In A War to be Won, Williamson Murray and Alan R. Millett have coauthored more than just another broad coverage of the Second World War. The authors have written a tight and engrossing tactical/strategic analysis of the war. Murray and Millett begin in the 1920s and early 1930s with Japanese expansion in Asia and German rearmourment and conclude with the defeat of these countries in 1945. The authors divide their work into coherent time periods centering on specific battles or campaigns that mark changes in the progress of the war. Each chapter provides more insight than a general study of the Second World War, but does not go so deep into a specific battle as to loose site of the war as a whole. At the end of each chapter, the authors summarize their thoughts concerning the period and clearly state their conclusions.
Both Murray and Millett are well-respected military historians who have added much to the study of history and diplomacy. They are both prolific historians who have coauthored a number of other works. Most histories of the Second World War have tended to fall into one of two categories. Many have focused on the grand strategies of the warring countries and the broader strategic implications of these strategies. Other histories have focused on a key battle or battles as the basis of their study. Murray and Millett have successfully written an all-encompassing work that interrelates both the tactics and grand strategy as they relate to each other and to the whole of the war. This well-written book is a must for students of history or anyone wanting to learn more about the Second World War.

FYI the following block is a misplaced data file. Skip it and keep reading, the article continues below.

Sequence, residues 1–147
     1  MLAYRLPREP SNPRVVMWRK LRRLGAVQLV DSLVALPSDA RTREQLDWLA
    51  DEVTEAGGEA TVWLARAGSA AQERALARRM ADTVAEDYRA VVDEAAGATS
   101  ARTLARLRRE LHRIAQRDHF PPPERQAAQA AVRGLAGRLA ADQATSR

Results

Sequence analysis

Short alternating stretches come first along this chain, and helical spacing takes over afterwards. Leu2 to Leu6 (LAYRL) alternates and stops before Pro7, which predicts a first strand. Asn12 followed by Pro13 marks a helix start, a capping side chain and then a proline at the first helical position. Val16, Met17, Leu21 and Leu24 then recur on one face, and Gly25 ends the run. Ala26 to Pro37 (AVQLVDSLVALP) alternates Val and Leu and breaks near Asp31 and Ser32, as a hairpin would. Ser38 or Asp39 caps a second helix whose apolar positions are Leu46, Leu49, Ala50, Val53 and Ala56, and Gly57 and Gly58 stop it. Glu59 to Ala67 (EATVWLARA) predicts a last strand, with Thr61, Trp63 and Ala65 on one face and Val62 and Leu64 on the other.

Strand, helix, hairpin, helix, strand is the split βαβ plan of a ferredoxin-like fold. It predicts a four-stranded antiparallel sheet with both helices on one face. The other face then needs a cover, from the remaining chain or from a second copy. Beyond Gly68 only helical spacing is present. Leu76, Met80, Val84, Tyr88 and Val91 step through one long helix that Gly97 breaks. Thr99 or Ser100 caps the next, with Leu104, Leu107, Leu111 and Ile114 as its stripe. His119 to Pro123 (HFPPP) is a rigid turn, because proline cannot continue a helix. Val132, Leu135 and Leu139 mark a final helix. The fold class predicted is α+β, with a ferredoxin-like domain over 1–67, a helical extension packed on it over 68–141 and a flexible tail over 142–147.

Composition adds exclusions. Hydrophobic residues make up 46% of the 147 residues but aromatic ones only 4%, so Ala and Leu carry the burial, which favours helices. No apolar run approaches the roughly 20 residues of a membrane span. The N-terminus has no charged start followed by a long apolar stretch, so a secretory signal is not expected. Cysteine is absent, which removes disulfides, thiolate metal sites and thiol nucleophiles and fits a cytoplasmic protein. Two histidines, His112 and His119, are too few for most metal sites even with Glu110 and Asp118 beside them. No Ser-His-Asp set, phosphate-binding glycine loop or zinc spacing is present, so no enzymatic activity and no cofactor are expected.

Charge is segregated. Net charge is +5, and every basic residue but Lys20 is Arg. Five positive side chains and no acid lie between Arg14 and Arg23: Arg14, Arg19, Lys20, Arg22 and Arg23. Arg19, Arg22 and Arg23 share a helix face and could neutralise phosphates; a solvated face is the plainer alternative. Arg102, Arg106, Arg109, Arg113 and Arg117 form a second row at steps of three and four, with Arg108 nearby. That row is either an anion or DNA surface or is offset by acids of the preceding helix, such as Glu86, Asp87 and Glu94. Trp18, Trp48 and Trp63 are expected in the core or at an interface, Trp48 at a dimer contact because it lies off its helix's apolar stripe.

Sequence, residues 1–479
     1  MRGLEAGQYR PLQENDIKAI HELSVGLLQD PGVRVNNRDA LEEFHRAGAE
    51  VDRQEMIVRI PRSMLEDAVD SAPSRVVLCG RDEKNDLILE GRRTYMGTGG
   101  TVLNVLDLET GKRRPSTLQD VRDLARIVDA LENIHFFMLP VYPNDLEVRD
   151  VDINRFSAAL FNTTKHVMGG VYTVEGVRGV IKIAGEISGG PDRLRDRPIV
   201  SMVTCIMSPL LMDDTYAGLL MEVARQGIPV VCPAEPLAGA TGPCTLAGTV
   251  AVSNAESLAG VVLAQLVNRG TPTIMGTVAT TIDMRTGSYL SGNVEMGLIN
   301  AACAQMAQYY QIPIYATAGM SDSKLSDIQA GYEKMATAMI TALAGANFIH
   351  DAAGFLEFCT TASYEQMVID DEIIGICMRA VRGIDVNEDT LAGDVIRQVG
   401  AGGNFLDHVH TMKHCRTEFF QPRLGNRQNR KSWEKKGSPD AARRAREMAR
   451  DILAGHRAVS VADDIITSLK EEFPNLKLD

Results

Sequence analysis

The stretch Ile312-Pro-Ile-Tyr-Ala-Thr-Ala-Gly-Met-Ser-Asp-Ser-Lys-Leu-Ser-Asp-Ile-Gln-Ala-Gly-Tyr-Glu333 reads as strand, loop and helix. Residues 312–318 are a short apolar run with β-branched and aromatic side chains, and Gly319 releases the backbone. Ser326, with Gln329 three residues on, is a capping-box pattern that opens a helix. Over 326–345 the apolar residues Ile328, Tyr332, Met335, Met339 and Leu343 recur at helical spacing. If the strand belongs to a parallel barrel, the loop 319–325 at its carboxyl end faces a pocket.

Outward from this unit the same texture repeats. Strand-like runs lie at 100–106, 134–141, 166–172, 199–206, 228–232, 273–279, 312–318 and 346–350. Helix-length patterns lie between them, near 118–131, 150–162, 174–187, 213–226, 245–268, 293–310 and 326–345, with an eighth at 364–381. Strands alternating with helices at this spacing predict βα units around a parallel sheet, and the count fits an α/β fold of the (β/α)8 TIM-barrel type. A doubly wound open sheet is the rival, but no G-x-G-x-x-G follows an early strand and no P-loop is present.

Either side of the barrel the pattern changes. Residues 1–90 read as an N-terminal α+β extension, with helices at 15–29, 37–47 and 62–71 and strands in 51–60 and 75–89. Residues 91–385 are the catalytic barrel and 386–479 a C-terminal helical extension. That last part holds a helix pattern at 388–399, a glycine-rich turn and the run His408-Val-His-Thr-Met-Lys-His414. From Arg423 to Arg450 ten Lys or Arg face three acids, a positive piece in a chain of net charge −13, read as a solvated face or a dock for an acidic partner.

Reviewed by mf, 09/00. Other reviews by mf.